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As the world is grappling with the coronavirus pandemic, research is ongoing to assess the effect of COVID-19 on various organs of the body and symptoms showing up on the skin. Urticaria has been reported in many COVID-19 patients. What is it?
A hive-type rash known as urticaria could indicate a COVID-19 infection.
According to experts, noticing a sudden appearance of raised bumps on the skin which come and go quite quickly over hours and are usually very itchy, could indicate an infection.
The rash can involve any part of the body, and often starts with intense itching of the palms or soles and can cause swelling of the lips and eyelids.
These rashes can present quite early on in the infection but can also last a long time afterwards.
Urticaria is one of the most common skin manifestations reported in COVID‐19.
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Studies looked for patients reporting urticaria with results finding a total of 202 patients with COVID‐19‐associated urticaria.
Patient age ranged from two months to 84 years.
Gender was reported in 149 patients; of these 96 (64 percent) were females, and 53 (36 percent) were males.
Of the 105 patients with a determined onset of the disease, 58 (55 percent) presented with rash preceding or concurrently with the classic COVID‐19 symptoms.
Urticarial rash was mainly either generalised or distributed on the trunk.
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Researchers conducted a separate online survey, which gathered images and information from nearly 12,000 people with skin rashes and suspected or confirmed COVID-19.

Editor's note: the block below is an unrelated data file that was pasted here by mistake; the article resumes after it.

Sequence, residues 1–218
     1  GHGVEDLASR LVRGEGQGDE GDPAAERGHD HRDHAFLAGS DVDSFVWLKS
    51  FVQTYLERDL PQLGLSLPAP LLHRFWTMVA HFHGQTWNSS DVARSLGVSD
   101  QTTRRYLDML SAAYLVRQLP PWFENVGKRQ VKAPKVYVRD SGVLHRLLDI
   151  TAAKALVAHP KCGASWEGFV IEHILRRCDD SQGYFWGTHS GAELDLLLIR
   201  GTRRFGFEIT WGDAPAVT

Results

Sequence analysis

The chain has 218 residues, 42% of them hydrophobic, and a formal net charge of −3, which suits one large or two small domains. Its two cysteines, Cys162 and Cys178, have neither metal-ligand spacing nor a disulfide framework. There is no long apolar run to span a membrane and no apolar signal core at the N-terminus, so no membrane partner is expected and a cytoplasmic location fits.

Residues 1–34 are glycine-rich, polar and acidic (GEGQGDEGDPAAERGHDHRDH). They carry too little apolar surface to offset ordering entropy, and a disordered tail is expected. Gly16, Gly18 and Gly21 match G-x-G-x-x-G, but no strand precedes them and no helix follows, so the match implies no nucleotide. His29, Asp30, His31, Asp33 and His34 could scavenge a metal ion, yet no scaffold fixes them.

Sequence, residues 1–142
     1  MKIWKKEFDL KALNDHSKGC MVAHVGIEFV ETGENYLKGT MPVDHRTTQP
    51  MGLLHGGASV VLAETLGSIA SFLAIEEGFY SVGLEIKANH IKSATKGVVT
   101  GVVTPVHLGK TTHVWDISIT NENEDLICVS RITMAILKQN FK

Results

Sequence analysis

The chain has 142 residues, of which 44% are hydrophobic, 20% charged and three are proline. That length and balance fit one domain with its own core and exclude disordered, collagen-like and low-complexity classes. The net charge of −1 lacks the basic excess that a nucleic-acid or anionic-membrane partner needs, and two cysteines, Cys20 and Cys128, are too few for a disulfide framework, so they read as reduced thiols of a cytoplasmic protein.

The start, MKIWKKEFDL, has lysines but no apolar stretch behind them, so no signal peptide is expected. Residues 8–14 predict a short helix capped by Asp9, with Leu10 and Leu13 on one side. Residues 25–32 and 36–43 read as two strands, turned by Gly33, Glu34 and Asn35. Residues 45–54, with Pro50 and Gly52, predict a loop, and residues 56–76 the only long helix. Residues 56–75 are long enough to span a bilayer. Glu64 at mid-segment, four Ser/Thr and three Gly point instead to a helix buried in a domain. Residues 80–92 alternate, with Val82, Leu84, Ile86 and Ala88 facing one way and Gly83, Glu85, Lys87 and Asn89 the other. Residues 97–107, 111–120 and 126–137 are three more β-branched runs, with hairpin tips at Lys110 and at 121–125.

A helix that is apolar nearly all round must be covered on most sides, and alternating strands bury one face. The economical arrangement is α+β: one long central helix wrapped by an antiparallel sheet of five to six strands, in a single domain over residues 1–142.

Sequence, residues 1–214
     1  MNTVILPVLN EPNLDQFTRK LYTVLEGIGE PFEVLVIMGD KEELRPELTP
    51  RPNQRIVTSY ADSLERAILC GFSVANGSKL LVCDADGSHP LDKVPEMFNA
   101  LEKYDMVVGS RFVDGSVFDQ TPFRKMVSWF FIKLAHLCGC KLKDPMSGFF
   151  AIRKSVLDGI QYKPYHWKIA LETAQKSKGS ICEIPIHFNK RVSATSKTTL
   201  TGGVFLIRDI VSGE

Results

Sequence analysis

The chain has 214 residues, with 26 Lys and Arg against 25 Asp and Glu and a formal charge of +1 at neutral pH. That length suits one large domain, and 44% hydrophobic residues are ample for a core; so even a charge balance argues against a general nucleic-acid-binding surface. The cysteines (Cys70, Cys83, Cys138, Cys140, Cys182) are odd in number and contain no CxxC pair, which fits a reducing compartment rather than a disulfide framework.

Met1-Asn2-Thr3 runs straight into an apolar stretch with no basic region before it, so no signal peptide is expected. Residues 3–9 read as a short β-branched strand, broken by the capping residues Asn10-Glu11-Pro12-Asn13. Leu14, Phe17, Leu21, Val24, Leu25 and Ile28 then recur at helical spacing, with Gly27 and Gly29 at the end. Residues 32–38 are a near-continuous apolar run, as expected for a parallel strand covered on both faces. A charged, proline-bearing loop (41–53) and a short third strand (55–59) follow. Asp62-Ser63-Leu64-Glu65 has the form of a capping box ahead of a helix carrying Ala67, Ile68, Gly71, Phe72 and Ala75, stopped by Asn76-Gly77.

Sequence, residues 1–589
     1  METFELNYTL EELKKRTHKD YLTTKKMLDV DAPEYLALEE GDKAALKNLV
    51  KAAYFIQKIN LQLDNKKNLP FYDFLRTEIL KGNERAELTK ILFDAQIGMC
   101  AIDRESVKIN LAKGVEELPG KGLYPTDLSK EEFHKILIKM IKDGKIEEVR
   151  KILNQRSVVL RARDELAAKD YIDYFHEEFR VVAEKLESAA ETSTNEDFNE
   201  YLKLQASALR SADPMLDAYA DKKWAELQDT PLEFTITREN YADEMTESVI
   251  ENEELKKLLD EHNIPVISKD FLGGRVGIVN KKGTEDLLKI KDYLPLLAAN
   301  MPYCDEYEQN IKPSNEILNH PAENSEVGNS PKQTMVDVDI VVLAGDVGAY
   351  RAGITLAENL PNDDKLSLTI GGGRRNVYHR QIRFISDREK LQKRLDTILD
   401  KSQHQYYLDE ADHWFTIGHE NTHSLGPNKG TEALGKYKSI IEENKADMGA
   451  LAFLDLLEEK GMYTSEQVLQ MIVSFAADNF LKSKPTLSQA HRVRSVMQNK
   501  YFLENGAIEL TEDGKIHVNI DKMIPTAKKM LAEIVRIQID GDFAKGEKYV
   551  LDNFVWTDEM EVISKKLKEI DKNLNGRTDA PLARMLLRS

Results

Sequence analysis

It was found that some 17 percent of respondents testing positive for coronavirus reported a rash as the first symptom of the disease.
It was also found that for one in five people (21 percent) who reported a rash and were confirmed as being infected with coronavirus, the rash was their only symptom.
A chickenpox-type rash known as an erythemato-vesicular rash is another skin symptom to be aware of.
The rash involves areas of small, itchy red bumps that can occur anywhere on the body, but particularly the elbows and knees as well as the back of the hands and feet.
The rash can persist for days or weeks.
Covid fingers and toes known as chilblains are reddish and purplish bumps on the fingers or toes, which may be sore but not usually itchy.
This type of rash is most specific to COVID-19, is more common in younger people with the disease, and tends to present later on.
The most important symptoms of coronavirus include a high fever, a new, continuous cough, and a loss of taste or smell, according to the NHS.
Your chest or back may feel hot to the touch, and you may be having at least three coughing episodes within a 24-hour period.
If you develop any of the key warning signs of coronavirus, you should book a test straight away.
Self-isolate until you receive the results of your Covid test. If it’s negative, you can return to normal national lockdown life. But if it’s positive, you should self-isolate for at least 10 days.
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